1911 front strap machine checkering?

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Metalman
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1911 front strap machine checkering?

Postby Metalman » Wed Jan 11, 2017 11:53 am

Anyone here have experience with machine (mill) checkering the front strap on a 1911 frame? I'm not looking to invest in the specialized fixtures just entertaining the idea of doing two of my own frames, both aluminum. It may not be worth it don't know.
On one of the guns I'm almost better off selling it and buying a new one already done vs sending it out to be done. I'm not considering refinishing, I do my own Cerakote.
Ernie F.

Harold_V
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Re: 1911 front strap machine checkering?

Postby Harold_V » Thu Jan 12, 2017 2:48 am

A picture of the piece with the desired finish might help. I'm not familiar with the checkering you mentioned, and the mention of 1911 doesn't seem to bring up any thoughts.

That said, if one can determine the function desired, could be there's an easy way to accomplish the task.

Harold
Wise people talk because they have something to say. Fools talk because they have to say something.

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GlennW
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Re: 1911 front strap machine checkering?

Postby GlennW » Thu Jan 12, 2017 7:41 am

Personally, I put checkering in the aesthetics category.

If you are after functionality, nothing will beat a strip of grip tape.

DSC00256.JPG
Glenn

Operating machines is perfectly safe......until you forget how dangerous it really is!

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LVRR2095
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Re: 1911 front strap machine checkering?

Postby LVRR2095 » Thu Jan 12, 2017 11:44 am

Harold_V wrote:A picture of the piece with the desired finish might help. I'm not familiar with the checkering you mentioned, and the mention of 1911 doesn't seem to bring up any thoughts.

That said, if one can determine the function desired, could be there's an easy way to accomplish the task.

Harold

Harold, the Colt Model 1911was a design by John M. Browning and was the U.S. standard side arm from 1911 until 1986. Even now it is still being manufactured by Colt and a host of other companies.
The area in question is a curved surface on the forward face of the hand grip the checkering there to keep your hand from slipping.
Keith
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Metalman
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Re: 1911 front strap machine checkering?

Postby Metalman » Thu Jan 12, 2017 2:30 pm

Here is a brief video of the machine process: https://www.youtube.com/watch?v=8XBCVfa91-E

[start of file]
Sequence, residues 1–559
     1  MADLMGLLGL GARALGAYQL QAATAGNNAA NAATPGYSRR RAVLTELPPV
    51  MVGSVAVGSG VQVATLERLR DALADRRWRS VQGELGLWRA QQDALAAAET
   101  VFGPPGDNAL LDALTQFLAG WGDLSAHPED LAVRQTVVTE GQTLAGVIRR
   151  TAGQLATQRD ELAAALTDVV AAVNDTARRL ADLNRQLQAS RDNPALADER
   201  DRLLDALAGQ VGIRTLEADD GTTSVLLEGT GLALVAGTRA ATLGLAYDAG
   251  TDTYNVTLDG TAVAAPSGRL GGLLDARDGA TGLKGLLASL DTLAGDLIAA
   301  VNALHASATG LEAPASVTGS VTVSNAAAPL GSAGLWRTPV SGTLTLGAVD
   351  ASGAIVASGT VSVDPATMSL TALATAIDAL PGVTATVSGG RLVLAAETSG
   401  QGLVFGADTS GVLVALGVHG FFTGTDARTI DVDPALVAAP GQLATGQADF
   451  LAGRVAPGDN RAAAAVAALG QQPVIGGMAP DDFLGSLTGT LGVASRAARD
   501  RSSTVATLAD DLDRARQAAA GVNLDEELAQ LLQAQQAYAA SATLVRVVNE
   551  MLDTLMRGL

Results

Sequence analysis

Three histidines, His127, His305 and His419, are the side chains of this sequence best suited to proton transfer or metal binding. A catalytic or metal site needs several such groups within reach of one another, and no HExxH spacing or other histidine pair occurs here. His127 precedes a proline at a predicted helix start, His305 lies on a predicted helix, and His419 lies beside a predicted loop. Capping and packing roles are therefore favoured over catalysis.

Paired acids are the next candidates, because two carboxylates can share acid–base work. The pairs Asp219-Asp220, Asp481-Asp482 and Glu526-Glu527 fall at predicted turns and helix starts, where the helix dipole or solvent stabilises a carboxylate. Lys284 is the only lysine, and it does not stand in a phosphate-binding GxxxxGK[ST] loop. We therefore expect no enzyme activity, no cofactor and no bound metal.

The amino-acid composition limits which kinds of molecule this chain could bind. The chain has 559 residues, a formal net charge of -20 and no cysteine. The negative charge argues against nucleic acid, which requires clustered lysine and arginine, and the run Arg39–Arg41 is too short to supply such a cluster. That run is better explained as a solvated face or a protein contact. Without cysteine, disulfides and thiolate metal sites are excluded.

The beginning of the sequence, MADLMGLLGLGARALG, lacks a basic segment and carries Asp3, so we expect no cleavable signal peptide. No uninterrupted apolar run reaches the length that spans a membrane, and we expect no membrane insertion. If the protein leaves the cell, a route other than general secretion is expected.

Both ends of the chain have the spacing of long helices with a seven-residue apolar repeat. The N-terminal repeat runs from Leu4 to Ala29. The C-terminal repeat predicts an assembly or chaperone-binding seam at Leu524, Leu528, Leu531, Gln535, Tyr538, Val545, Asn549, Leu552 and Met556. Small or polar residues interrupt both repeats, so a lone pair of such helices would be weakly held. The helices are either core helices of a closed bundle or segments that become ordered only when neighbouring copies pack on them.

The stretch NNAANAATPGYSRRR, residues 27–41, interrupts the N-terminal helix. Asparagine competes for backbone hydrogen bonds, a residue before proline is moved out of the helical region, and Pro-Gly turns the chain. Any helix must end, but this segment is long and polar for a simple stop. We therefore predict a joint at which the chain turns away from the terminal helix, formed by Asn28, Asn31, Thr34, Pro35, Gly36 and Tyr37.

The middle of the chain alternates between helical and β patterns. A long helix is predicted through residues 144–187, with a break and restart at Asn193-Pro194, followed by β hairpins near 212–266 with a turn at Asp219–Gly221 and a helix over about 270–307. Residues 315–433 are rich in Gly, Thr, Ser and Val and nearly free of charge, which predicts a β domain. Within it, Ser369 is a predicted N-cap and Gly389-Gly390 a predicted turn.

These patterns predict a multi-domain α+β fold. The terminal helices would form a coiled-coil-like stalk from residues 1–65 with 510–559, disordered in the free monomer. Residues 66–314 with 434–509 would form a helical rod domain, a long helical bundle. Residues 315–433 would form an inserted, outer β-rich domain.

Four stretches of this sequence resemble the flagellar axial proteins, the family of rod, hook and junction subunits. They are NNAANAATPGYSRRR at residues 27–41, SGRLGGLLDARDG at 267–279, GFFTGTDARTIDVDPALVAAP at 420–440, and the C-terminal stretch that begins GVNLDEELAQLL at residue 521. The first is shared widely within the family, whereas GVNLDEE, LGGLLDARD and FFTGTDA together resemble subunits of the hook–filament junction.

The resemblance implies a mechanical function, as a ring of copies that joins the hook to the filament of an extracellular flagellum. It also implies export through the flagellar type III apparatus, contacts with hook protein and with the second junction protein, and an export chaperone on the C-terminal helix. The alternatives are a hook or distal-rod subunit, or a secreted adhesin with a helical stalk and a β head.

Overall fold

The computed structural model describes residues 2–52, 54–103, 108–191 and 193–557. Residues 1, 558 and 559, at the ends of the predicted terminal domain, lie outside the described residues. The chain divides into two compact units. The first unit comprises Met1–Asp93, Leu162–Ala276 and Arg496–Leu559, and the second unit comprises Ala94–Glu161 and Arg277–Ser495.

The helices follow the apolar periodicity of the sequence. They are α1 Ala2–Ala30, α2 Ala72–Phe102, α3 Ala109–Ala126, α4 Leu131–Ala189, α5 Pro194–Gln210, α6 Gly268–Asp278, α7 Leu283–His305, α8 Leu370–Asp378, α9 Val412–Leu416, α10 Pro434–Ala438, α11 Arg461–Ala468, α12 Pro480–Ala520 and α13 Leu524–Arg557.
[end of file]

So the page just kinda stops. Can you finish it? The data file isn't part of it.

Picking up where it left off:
The fixtures and tooling are too big of an investment to do one or two pistols. Even the specialty files to do it by hand are kind of not worth it. Unless someone wants to do it for the personal satisfaction of learning the skill. Very tedious and time consuming, more so by hand.
The gun smiths got me by the you know whats on this one.
Ernie F.

Harold_V
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Re: 1911 front strap machine checkering?

Postby Harold_V » Fri Jan 13, 2017 2:47 am

LVRR2095 wrote:Harold, the Colt Model 1911was a design by John M. Browning and was the U.S. standard side arm from 1911 until 1986. Even now it is still being manufactured by Colt and a host of other companies.
The area in question is a curved surface on the forward face of the hand grip the checkering there to keep your hand from slipping.
Keith

Sigh!
Thanks, Keith. In my original response I wondered if I should mention that it might be related to the Colt, but after giving it some thought, I decided against it. My memory of those old pistols isn't very fresh, as I was discharged from the National Guard back in '62. The outfit I was attached to was an M.P. Company (625th MP's, now defunct, in Salt Lake City, Utah). I've never been a fan of pistols, always preferred revolvers.

That said, I don't have any tricks up my sleeve to make the checkering any easier.

Harold
Wise people talk because they have something to say. Fools talk because they have to say something.

earlgo
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Re: 1911 front strap machine checkering?

Postby earlgo » Fri Jan 13, 2017 5:22 pm

In the '70's at the Colorado School of Trades, instead of expensive checkering, we were taught how to 'stipple' with a hammer and a center punch. This involves holding the punch about 1/8" off the surface of the part and striking it with the hammer. While keeping up the striking process, the tip of the punch was moved in random directions over the surface. Eventually the surface became stippled and provided a more secure grip. A good "stippler" could produce a nice even job and after blueing (read Dulite) the job was more than acceptable, and a lot cheaper. (Please do not confuse "stippler" with "tippler", they may be related but not the same. :lol: )
I'd advise practicing on a chunk of bar stock about the same radius as the front strap of the 1911 until you are familiar with the process.
Just another suggestion.

--earlgo
(I'll dig out the .45 if you are interested in a picture.)

Magicniner
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Re: 1911 front strap machine checkering?

Postby Magicniner » Sun Jan 15, 2017 6:19 pm

You can, with care, checker Aluminium using carbide wood checkering tools, I've done some 1911 mag eject button extension outer surfaces which turned out nicely.


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